in a felde called Agyncort, and slew and toke of them dukes, erles, and knyghttes and other to a grete number, and a grete multytewde of the comyn pepulle. And of Englyche men was slayne, as the duke of Yorke, the erle of Sur[ry], and other, but a fewe. And the morrow after Simond and Jude daye tydynges came to the new mayer of the sodyne battelle. And then was made grete solempnites and processions was done ther for, with prelattes, prestes, freeres, and other sage men of the cytte. And after that the kynge came to Dover, Cantorbery, and soo to London; and there the mayer, aldermen, comyns, rydynge worshyppully ayenst hym in rede gownes and whyte hoddes, and browte hym to Westmyster. Also this yere came the emperar of Almen in to Ynglond with viij C. hors to sent Georges felde. And the xxix day of March the duke of Holonde came to London, and he laye at the byshoppe of Elys place in Holborne.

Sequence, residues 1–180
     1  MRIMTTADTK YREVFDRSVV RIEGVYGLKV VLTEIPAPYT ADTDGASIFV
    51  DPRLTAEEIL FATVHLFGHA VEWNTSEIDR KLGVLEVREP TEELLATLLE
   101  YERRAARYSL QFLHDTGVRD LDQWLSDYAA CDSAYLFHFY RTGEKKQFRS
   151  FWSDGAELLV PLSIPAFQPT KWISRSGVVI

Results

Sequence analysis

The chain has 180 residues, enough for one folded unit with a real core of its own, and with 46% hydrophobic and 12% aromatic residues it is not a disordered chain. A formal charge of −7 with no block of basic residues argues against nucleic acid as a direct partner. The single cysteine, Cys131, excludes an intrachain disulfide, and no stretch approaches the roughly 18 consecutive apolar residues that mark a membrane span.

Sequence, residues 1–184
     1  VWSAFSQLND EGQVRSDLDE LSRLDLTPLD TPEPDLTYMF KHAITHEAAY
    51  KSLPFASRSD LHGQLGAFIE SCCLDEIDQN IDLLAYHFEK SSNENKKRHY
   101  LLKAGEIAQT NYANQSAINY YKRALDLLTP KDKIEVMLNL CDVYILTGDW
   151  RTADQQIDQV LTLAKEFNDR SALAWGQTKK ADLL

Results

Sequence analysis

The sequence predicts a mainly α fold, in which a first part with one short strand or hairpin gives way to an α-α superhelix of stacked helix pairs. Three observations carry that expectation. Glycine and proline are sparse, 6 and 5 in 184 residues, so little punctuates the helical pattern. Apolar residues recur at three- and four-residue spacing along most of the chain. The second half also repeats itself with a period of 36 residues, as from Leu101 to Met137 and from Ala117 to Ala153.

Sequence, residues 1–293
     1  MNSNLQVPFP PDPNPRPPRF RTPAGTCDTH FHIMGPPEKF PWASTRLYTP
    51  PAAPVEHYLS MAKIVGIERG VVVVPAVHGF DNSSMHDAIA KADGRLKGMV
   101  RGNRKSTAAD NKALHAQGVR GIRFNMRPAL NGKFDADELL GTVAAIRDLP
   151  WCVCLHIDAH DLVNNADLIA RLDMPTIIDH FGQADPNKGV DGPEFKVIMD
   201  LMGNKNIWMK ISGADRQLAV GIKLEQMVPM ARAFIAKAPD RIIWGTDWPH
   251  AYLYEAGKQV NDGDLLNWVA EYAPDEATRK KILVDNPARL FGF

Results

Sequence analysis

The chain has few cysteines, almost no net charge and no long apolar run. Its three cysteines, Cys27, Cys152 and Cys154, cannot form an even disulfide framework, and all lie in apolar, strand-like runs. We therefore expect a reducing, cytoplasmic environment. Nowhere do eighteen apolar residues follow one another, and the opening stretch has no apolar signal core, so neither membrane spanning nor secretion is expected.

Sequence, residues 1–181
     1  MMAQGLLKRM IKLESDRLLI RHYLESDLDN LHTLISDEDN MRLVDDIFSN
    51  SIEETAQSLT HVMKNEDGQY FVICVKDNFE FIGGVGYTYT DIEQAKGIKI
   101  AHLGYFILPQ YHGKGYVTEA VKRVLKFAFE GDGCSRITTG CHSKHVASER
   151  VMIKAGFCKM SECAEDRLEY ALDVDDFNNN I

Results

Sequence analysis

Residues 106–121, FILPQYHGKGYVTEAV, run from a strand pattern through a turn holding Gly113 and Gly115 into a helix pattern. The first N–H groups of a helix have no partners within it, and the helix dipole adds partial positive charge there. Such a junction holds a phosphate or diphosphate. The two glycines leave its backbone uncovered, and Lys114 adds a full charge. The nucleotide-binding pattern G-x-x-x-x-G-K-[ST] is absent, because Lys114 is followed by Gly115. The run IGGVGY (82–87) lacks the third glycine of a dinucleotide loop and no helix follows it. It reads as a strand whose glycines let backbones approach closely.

iiij°. A°. Thys yere the xiiij. day of December sir John Oldecastell knyghte was drawne from the tower of London un to sent Gylles in the felde and there was hongyd and brent. Thys yere one sent Martyns day was byshoppe Martyne the vth. chosyne byshoppe of Rome.
vj°. A°. John Briane was drowned in hys shrefehode, and in his stede was chosyne John Perneys shreffe for the resydew of the yere. And this yere on sent Donstons day was the towne of Rome yeldene to the emperor; and the towne of Ponteys was taken, with many other castelles and towers.
vij°. A°. Thys yere the qwene Katerne was crownyd the xxij. day of Marche.
- Not slain in the battle, as stated in the preceding passage.
- The emperor Sigismond came to England, and was installed as a knight of the garter on the 7th May, 1416. He was brother to Anne the queen of Richard the Second.
- William of Bavaria count of Ostrevant, who had been formerly admitted into the order of the garter by king Richard II. in 1390, came to meet the emperor; but, having been detained by contrary winds, did not arrive until the 28th of May (not March).—Beltz, Memorials of the Garter, p. 340. "The counts of Holland of this family, being by birth dukes of Bavaria, were usually styled dukes of Holland."—Ibid.